We found 114 results for 'sony aosp'
It's been less than 24 hours since Google announced Jelly Bean 4.3 and published the new code to the Android Open Source Project, and Sony is already talking up their plans for phone updates. That's what I call customer service! In a short blog post, Sony confirmed a 4.3 update for six of their latest phones and (one) tablets:
This isn't necessarily an exhaustive list, and no timeframe has been announced. Read More
Back in August of '12, Sony teamed up with Google to make the Xperia S an officially supported AOSP device. The project initially got off to a decent start, but after an issue with some proprietary software binaries that couldn't be released by either Sony or Google, the project was canned on the official side and moved to Sony's GitHub, where it can still be found today.
Now, the company is doing something similar with the Xperia Z, minus Google's interaction from the get-go. Read More
Sony announced today on it's official Sony Mobile Developer blog that the Xperia S "experimental AOSP support" project, first announced by JBQ back in August, is no more. It was an interesting idea, to be sure - a non-Nexus device that would be supported both with the help of members of the Google developer community, as well as AOSP maintainer JBQ, on the AOSP main branch.
The project did see some success, too - Android was booting, and according to Sony, Wi-Fi and sensors were up and running. Read More
In a gesture of good faith, Sony, on its developer blog, has announced the company is releasing the software binaries for the Xperia S. It has done so explicitly in support of Android developer JBQ's "experimental" support for the device in AOSP (found here). If you're unfamiliar with the project, we covered it earlier this month when it was announced.
The software binaries Sony released consist mainly of drivers for the hardware on the Xperia S's chipset. Read More
The Xperia 1, Sony's flagship phone of 2019 and its best phone yet, is the latest device to be admitted to the company's Open Devices program, joining the ranks of the Xperia 10 and Xperia 10 Plus. Read More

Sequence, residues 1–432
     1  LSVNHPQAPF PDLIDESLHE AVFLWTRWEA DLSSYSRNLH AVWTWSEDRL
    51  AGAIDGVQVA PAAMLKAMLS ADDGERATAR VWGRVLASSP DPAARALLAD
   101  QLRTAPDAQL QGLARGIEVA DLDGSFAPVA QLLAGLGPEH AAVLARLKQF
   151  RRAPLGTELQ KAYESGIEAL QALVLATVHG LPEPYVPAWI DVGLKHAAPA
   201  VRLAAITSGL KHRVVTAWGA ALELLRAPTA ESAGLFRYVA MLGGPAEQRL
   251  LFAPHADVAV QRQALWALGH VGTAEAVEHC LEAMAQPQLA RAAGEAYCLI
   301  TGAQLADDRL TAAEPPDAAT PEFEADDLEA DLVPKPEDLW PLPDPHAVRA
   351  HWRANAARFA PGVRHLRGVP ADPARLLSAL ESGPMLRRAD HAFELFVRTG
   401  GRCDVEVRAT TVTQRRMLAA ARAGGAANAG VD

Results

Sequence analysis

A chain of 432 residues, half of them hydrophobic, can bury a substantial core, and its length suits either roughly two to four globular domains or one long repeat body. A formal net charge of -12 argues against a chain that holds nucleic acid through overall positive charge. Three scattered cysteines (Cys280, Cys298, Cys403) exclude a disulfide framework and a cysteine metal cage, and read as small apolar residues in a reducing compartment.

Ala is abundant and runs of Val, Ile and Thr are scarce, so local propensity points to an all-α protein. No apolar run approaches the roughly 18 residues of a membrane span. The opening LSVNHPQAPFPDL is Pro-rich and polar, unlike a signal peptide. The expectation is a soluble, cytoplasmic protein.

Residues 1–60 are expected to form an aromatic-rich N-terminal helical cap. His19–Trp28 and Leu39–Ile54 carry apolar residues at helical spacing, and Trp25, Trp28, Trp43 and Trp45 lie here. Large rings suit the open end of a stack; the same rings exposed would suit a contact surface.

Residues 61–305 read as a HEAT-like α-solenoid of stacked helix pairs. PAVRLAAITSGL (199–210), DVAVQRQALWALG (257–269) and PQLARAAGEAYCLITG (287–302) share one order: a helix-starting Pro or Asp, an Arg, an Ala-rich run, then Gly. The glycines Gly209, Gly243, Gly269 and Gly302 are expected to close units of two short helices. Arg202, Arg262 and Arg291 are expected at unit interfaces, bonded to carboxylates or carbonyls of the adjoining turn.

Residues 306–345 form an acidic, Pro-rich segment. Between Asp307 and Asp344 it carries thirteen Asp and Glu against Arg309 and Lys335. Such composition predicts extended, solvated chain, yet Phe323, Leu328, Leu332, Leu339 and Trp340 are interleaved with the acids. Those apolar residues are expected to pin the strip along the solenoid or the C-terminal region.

The new Xperia 10 and 10 Plus might not be the most interesting phones out there, but Sony has made them a bit more appealing for certain buyers today. These phones are the latest additions to Sony's Open Devices program. So, you can unlock and flash software on your Xperia 10 and 10 Plus without any arduous workarounds. Read More
For developers wishing to tinker with Sony phones, the Open Devices program is a welcome official point of entry. The Japanese company adds most of its high-profile Android handsets to the list of supported devices after a little while, and the Xperia XZ2 and XZ3 are the latest to join the ranks. Read More
Are you ready for a surprise? Paranoid Android/AOSPA, of long-standing ROM fame, has just pushed out a status update on the project's plans, as well as the first ever Oreo releases for the ROM. Unfortunately for the vast majority of us, they're only available for a handful of Sony phones. Read More
Sony is pretty good about letting the open-source community have a field day with its devices thanks to the company's Open Devices Program. Two new phones just got added: Xperia XA2 and Xperia XA2 Ultra. That means that they are open to flashing custom versions of Oreo. Read More
Sony has announced a total of eight new Bluetooth connectable audio devices at CES. Of these, three are extra bass portable speakers, three are sports headphones, and two are soundbars. Naturally, the Japanese electronics giant has a few tricks to show off for extra visibility. Simply hearing your music is clearly not enough in 2018. Read More